How did cooking help you gain some control over your own “hot mess” lives?

Berman: It makes me feel like I’m trying a little harder to take care of myself. Also, it distracts me during anxiety attacks.

Moskowitz: Cooking has always been my therapy. There’s something about the alchemy of turning a few simple ingredients into more than the sum of their parts using basic techniques that has always helped me feel more in control of my little world.

A recipe from Hot Mess Kitchen cookbook

I grew up watching women in the kitchen, while men just ate the food when it was ready. Do you think women are still expected to do the bulk of a household’s cooking?

Moskowitz: I agree that it’s changing, for sure. I definitely do a lot more of the cooking in my household, but that’s because I’m a professional and my husband and I would both rather eat my cooking. But there are definitely nights when he handles the food (he makes an amazing Shakshuka that I often request when I am coming home late at night from the airport). But my brother cooks, and many of my male friends cook. I probably know more young couples who share culinary duties down the middle than where only the woman is in charge.

A lot of your recipes are low-cost compared to some *fancy* gourmet recipe books. Why was being budget-conscious important for this book?

Moskowitz: Well, I got my start in food writing by writing about inexpensive food on my blog BrokeAss Gourmet, and it’s very much my perspective that good food doesn’t have to be expensive. Also, Miranda and I both have had plenty of personal experience being broke and needing to budget, and it seemed to be a core part of being a hot mess.

What’s your take on avocado toast?

Moskowitz: I’ve been making avocado toast since way before it was cool. I think as long as you’re using fresh ingredients and treating them simply, there’s no way to screw it up. Make sure you use enough salt to bring out the avocado’s flavour and plenty of acid—I like lemon juice—because the creamy avocado needs freshness to balance it. Does it always need to be Instagrammed? Maybe not, but it sure does look pretty.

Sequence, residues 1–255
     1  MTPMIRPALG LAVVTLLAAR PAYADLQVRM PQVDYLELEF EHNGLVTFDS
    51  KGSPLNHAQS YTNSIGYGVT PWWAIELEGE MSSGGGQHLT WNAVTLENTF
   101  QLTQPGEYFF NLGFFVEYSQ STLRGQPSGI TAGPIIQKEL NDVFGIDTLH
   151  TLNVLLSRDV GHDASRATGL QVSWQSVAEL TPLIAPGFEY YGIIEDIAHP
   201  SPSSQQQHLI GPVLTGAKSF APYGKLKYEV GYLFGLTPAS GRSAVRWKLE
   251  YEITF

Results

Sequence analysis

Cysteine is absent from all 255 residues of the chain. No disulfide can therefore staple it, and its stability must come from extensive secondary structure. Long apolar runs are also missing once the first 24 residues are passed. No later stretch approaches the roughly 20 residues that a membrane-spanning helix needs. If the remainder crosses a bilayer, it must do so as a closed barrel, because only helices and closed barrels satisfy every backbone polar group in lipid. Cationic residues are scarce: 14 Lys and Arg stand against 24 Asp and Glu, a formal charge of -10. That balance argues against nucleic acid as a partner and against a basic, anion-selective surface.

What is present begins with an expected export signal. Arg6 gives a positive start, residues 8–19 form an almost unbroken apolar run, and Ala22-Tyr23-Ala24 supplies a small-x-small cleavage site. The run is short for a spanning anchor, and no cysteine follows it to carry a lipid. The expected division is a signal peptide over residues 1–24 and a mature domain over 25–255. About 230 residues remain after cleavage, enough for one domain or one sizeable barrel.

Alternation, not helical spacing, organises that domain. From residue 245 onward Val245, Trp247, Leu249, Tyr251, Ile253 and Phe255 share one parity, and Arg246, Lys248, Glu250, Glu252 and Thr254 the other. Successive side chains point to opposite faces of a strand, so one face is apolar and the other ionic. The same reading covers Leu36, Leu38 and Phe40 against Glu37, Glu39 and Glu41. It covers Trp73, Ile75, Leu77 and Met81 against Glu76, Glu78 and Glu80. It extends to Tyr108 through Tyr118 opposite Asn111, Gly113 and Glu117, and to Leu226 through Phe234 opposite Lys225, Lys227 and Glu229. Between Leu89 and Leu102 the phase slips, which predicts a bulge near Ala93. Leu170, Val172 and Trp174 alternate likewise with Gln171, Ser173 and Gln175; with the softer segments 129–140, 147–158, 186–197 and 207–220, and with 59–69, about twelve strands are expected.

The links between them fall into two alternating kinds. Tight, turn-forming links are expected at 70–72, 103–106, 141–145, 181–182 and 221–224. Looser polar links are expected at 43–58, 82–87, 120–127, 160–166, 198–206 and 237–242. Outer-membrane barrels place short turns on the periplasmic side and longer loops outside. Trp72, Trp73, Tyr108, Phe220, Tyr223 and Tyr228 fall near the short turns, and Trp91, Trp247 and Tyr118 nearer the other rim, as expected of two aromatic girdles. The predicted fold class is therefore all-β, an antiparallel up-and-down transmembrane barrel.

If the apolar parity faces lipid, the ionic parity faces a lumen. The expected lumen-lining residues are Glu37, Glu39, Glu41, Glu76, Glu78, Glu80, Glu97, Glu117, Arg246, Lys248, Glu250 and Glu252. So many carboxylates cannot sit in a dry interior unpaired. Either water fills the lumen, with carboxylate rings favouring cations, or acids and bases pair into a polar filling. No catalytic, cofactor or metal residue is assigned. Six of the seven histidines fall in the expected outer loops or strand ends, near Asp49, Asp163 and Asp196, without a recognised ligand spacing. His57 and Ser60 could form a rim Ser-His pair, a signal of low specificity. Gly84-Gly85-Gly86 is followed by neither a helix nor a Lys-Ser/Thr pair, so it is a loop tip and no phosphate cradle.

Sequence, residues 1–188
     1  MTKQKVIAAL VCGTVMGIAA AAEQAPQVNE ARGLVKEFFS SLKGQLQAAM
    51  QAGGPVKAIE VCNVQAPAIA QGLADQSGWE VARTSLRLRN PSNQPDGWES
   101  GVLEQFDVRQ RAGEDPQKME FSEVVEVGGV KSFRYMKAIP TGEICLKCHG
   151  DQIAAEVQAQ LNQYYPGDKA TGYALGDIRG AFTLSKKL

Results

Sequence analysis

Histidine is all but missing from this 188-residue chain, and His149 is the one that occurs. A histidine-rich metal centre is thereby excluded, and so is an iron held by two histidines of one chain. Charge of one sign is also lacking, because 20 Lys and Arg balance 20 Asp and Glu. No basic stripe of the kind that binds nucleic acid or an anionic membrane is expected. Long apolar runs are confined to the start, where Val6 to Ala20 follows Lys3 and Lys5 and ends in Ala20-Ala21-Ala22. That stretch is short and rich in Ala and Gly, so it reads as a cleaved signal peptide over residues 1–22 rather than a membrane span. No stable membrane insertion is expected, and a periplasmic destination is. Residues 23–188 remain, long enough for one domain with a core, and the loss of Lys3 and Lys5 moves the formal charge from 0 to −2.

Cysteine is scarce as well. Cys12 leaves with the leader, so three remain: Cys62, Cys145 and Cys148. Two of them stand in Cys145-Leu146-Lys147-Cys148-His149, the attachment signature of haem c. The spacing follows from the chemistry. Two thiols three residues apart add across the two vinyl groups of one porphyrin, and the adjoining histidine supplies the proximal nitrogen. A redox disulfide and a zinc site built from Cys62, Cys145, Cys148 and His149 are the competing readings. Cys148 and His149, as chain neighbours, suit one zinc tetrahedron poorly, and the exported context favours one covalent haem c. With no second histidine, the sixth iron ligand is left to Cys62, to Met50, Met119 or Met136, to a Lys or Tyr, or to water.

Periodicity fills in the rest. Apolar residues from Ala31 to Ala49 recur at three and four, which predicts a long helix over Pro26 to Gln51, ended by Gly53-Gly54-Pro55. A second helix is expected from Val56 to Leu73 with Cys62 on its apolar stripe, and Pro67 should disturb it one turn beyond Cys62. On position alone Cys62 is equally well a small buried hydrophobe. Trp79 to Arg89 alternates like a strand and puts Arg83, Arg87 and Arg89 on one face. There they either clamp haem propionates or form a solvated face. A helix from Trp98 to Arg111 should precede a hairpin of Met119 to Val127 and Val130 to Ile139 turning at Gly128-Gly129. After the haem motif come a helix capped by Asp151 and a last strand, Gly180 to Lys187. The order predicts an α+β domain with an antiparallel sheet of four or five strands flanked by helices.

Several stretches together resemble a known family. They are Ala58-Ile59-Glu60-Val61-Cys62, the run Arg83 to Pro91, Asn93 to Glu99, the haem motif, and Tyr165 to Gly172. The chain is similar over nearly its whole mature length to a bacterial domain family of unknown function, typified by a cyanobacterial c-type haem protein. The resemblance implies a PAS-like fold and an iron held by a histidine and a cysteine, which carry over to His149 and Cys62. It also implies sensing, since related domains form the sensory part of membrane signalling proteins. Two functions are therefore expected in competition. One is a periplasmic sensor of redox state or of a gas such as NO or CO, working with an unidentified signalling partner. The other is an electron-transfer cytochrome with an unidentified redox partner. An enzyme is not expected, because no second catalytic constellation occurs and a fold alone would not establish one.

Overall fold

Berman: Broccoli toast.

One of the recipes from Hot Mess Kitchen cookbook

Say I’m cooking for my crush for the first time and I want to impress them. What should I make?

Berman: Obviously, “Easiest Roast Chicken to Trick Someone into Falling in Love with You,” from Hot Mess Kitchen. Or “Third Date Dumplings.”

Moskowitz: “Third Date Dumplings,” for sure. I invented them on my third date with my husband, because I wanted to make something we could cook together. It’s easy, fun, unique, and delicious.

What’s the best career advice you’ve ever been given?

Berman: Assume everybody likes you. Worrying about whether or not people hate you is a waste of time and will ruin you. Also try really hard! And don’t take yourself too seriously; not every project defines you as a writer. The only way you’ll get better is by moving forward.

Moskowitz: My friend Stuart Schuffman, who is an amazing writer in San Francisco, told me to work my ass off, be a mensch (Yiddish for good person) to everyone, and have monk-like patience. I try to always remember those things.

What’s one food you could never get sick of?

Berman: Grilled calamari. And pork chops. Not necessarily together.

Moskowitz: I am always hungry for Chinese potstickers.